The interrupted chronological sequence then resumes on f. 5r with the entries for the masters Richard Pollard and Nicholas Harrington (Ascension Day 1455 to 1456), followed by Robert Welwick (Welwike) and Thomas Pilbarow (Ascension Day 1456 to 1457) and William Gace and Richard Cox (Cokkys) (Ascension Day 1457 to 1458). These can be securely dated from internal evidence. Under Pollard and Harrington occur entries for the deaths (43) of William Huntington, rector of St James Garlickhithe (dead shortly before 4 November 1455), Walter Eston, rector of St Olave Southwark (dead shortly before 10 March 1456) and William Prince, chaplain of St Christopher le Stocks (died April 1456). (fn. 64) Under Welwick and Pilbarow are entered the deaths (48) of William Liseux (Lesurs), dean of St Paul's (will proved 17 October 1456), Nicholas Balshaw, chantry priest of St John Walbrook (died March 1457), Richard Corston, rector of St Olave Hart Street (dead between 25 April and 11 May 1457), and Nicholas Wifolde, alderman (dead between 22 June 1456 and the end of that calendar year). (fn. 65) Similarly, under Gace and Cox there are entries for the deaths of the parish clerks William Wallerthwaite (will proved 6 September 1457) and Nicholas Bramble (died October/November 1457). (fn. 66)
We have already accounted for the year beginning Ascension Day 1458 (which includes deaths only and occurs as an interpolated group of entries at f. 4r, col. 2).
The confusion in the order of entries then becomes chronic. On the verso of f. 6 at the top is a single name, that of Master Richard Petworth (68), written in a hand distinct from that employed in the surrounding years. It appears that this entry was abandoned, perhaps as the scribe realised he had not entered any incipit and that entries for this year, headed by Petworth, were entered on f. 4r (54). Instead, the remainder of f. 6v was filled up with 'overflow' entries from the year headed by masters John Nichol and John Cooper. The Nichol/Cooper year actually begins two thirds of the way down on f. 9r (69), where the incipit includes the date 1462, and then continues on f. 6v. Each year between ff. 6v and 9r therefore needs to be examined carefully to unravel the chronological sequence of entries which can only be achieved through evaluation of the internal evidence. Fortunately, the list of entries for the year of the masters John Acres (Acrys) and John Bradford is helpful in that it includes Edward IV and the immediate members of his family, both living and dead, describing him as son of the rightful heir of the kingdom, on his assumption of the throne which occurred on 4 March 1461. It also records his father Richard Duke of York and his brother Edmund Earl of Rutland killed at the Battle of Wakefield in December 1460. There is no doubt that this is the year stretching from Ascension Day 1460–1, but again written up some time afterwards in view of the fact that George, Edward IV's brother, is described as Duke of Clarence, an honour conferred at the coronation on 29 June 1461. (fn. 67)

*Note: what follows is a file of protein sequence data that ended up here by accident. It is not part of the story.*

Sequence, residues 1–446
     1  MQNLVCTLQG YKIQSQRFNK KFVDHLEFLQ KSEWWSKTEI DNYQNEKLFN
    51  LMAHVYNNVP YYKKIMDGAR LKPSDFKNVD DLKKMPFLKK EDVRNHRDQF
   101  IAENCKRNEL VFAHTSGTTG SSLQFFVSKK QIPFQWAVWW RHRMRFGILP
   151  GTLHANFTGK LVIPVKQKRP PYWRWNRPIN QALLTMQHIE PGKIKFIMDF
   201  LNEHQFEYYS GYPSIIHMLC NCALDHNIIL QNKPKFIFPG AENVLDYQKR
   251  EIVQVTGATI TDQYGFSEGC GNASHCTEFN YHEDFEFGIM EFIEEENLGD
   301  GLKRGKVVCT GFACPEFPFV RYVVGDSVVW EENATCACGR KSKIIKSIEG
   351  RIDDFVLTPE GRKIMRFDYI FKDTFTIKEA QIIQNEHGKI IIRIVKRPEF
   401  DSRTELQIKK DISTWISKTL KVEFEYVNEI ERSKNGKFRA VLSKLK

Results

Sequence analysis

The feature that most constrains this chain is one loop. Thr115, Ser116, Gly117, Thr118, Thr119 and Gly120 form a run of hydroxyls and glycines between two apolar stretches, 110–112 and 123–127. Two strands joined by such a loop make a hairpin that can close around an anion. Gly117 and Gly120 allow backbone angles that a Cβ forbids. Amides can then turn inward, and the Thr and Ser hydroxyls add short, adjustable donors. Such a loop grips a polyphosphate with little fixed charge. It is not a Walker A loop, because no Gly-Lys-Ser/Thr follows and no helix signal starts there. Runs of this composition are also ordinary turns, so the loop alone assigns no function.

Christie naturally assumed that the following year on ff. 8r-9v with entries under the masters Thomas Humberston and John Pollet (Polyt) and sandwiched between the securely dated 1460 and 1462 must be 1461. However, the internal evidence reveals that the deaths in this annual list (60) are attributable to the year from Ascension Day 1459–60. The two deceased priests heading the list of deaths, Thomas Fawkes, rector of St Bride and Thomas Swan, rector of St Mary at Hill help to pinpoint the year. Fawkes left a will of 5 December 1458, proved 19 September 1459, and Swan was dead by April 1460 when his successor was instituted. (fn. 68) Conversely, the priest David Taylor, chaplain of St Mary Matfellon, who was admitted in this year, died between 24 and 27 July 1461 when his will was respectively drawn up and proved. (fn. 69) He is not present however, among the deaths included under the same year. Hence this group of entries apparently pre-dates the clerks' year 1461–2. All the other probable identifications of deaths for this year are consistent with a date between the feasts of the Ascension in 1459 and 1460.